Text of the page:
Also out, in an IMAX exclusive release is Brad Bird’s (Iron Giant, The Incredibles) ascent into live action with a little movie you may have heard of, Mission: Impossible – Ghost Protocol. (Expanding to a wide release on December 21.) After a bombing in the Kremlin, super spy Ethan Hunt (Tom Cruise) and company go rogue to clear IMF’s name. Simon Pegg and Ving Rhames return while Ethan’s newest cohorts consist of Paula Patton and Jeremy Renner, who may or may not be taking over the series’ reigns after this installment. Also be on the lookout for Josh Holloway, Tom Wilkinson, and Michael Nyqvist. If the teasers and trailers are any indication however, there’s still too much life in the series for it to end here. And with producer J.J. Abrams touting Bird’s IMAX footage as “mind-blowing,” it’s just further proof that if they decided to end things here, at least they seem to be going out with a bang.
For the kiddie set, there’s yet another entry to the dreadful Alvin and the Chipmunks series. Some day studios will learn that this live-action/CGI hybrid stuff just doesn’t work. But alas, audiences keep flocking, the rest of the world keeps suffering, and Jason Lee will keep getting work. Too bad My Name is Earl was canceled bringing him back to this dreadful looking fiasco. This time the crew finds themselves Chip-wrecked (hardy har har) on a deserted island where they seem to bide their time waiting for rescue singing Lady Gaga songs. As if some of her work wasn’t already annoying enough, we should never have the “opportunity” to feast our ears upon her playlist by way of the Chipmunks.
In the interest of there being six big movies opening within four days, we’ll keep the rest of this shorter and sweeter. Today we get two of the most highly anticipated films of the season, along with two high profile directors, but two wholly different features, both featuring protagonists on a mighty quest. In Steven Spielberg’s first foray into motion capture technology comes his adaptation of Hergé’s beloved Adventures of Tintin. While the Secret of the Unicorn subtitle has been dropped, screenwriters Steven Moffat (Doctor Who), Edgar Wright (Shaun of the Dead), and Joe Cornish (Attack the Block) will be making sure they keep things on a grand scale. On the flip side of things, David Fincher returns to his darker roots with his Hollywood version of The Girl with the Dragon Tattoo. With Daniel Craig stepping in as Mikael Blomkvist and Rooney Mara taking over as Lisbeth Salander, we’ll see if Fincher can one up the original Swedish version of Stieg Larsson’s acclaimed novel.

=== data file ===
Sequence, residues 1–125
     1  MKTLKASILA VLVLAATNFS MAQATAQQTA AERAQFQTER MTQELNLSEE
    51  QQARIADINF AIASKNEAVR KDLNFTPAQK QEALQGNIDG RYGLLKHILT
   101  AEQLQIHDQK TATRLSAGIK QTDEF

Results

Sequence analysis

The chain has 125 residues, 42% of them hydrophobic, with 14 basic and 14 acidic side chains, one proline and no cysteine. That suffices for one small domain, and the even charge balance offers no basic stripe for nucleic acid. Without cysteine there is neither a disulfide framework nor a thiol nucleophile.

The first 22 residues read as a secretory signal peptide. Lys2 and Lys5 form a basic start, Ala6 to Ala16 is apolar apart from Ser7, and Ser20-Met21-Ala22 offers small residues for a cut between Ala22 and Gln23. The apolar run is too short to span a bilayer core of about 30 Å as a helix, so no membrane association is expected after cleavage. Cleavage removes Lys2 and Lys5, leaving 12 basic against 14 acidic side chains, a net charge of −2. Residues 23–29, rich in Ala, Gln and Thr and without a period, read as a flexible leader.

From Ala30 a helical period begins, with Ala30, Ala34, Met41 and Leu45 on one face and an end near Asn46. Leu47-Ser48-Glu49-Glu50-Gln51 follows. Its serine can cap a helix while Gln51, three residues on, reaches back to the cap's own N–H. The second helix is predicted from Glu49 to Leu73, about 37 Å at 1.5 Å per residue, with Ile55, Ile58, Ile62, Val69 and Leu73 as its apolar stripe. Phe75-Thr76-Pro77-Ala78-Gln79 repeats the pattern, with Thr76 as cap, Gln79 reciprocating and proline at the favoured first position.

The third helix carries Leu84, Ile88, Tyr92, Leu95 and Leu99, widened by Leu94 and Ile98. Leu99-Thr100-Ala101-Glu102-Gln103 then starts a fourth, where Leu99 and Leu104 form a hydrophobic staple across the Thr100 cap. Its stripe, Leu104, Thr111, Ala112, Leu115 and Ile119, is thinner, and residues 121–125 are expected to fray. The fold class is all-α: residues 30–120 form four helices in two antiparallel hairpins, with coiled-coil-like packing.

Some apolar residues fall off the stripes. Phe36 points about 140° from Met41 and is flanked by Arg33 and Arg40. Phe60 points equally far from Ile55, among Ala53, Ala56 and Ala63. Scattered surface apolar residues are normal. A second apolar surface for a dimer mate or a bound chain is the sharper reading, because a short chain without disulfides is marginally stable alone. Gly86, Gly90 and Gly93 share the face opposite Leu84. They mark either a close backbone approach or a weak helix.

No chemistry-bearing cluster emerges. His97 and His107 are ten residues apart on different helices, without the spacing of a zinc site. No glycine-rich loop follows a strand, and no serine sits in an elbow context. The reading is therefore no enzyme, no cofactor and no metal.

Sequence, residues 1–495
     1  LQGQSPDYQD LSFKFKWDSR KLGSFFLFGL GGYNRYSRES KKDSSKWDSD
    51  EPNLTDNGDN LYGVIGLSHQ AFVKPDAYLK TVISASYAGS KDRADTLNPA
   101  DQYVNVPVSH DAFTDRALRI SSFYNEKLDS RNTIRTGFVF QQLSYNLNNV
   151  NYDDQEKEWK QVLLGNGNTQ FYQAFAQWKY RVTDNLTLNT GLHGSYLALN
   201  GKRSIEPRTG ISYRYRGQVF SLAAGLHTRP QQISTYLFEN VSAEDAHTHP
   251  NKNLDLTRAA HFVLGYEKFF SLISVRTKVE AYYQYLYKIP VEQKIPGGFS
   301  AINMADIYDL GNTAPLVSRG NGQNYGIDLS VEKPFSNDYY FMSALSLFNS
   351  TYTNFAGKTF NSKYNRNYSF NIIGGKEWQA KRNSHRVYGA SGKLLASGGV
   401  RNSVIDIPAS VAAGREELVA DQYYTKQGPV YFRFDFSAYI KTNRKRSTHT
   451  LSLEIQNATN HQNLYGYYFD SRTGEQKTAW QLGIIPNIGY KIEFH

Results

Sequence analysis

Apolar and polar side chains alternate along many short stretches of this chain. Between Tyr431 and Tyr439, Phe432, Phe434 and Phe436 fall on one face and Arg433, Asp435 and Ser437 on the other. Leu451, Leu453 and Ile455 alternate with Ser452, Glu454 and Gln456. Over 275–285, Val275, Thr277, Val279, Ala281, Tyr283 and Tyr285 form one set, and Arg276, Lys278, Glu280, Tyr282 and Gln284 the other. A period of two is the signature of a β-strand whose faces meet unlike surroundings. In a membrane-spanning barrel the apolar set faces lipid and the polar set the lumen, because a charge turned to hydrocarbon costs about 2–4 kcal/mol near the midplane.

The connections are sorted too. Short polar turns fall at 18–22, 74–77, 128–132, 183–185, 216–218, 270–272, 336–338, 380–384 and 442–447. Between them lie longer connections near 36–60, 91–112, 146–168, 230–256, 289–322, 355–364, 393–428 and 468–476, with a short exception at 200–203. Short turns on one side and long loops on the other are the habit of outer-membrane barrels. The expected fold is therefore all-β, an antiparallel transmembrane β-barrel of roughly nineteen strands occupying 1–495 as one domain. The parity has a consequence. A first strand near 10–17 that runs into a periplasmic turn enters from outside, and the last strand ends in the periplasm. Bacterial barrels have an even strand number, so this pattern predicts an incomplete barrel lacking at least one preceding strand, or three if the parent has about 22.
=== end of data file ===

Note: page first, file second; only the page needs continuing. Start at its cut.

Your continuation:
When you haven’t released a film in six years people are going to hold you up against your yesteryears. For Cameron Crowe, this means the ilk of such films as Say Anything…, Singles, Jerry Maguire, and Almost Famous. While I am a fan of one of his two lesser but more recent affairs (Vanilla Sky, not Elizabethtown), when you have Matt Damon in the lead, you could probably make any kind of film you wanted. What Crowe has decided to bring us is an adaptation of Benjamin Mee’s true life account of uprooting his family to a zoo to spend their days. Hilarity and lots of heart will undoubtedly prevail.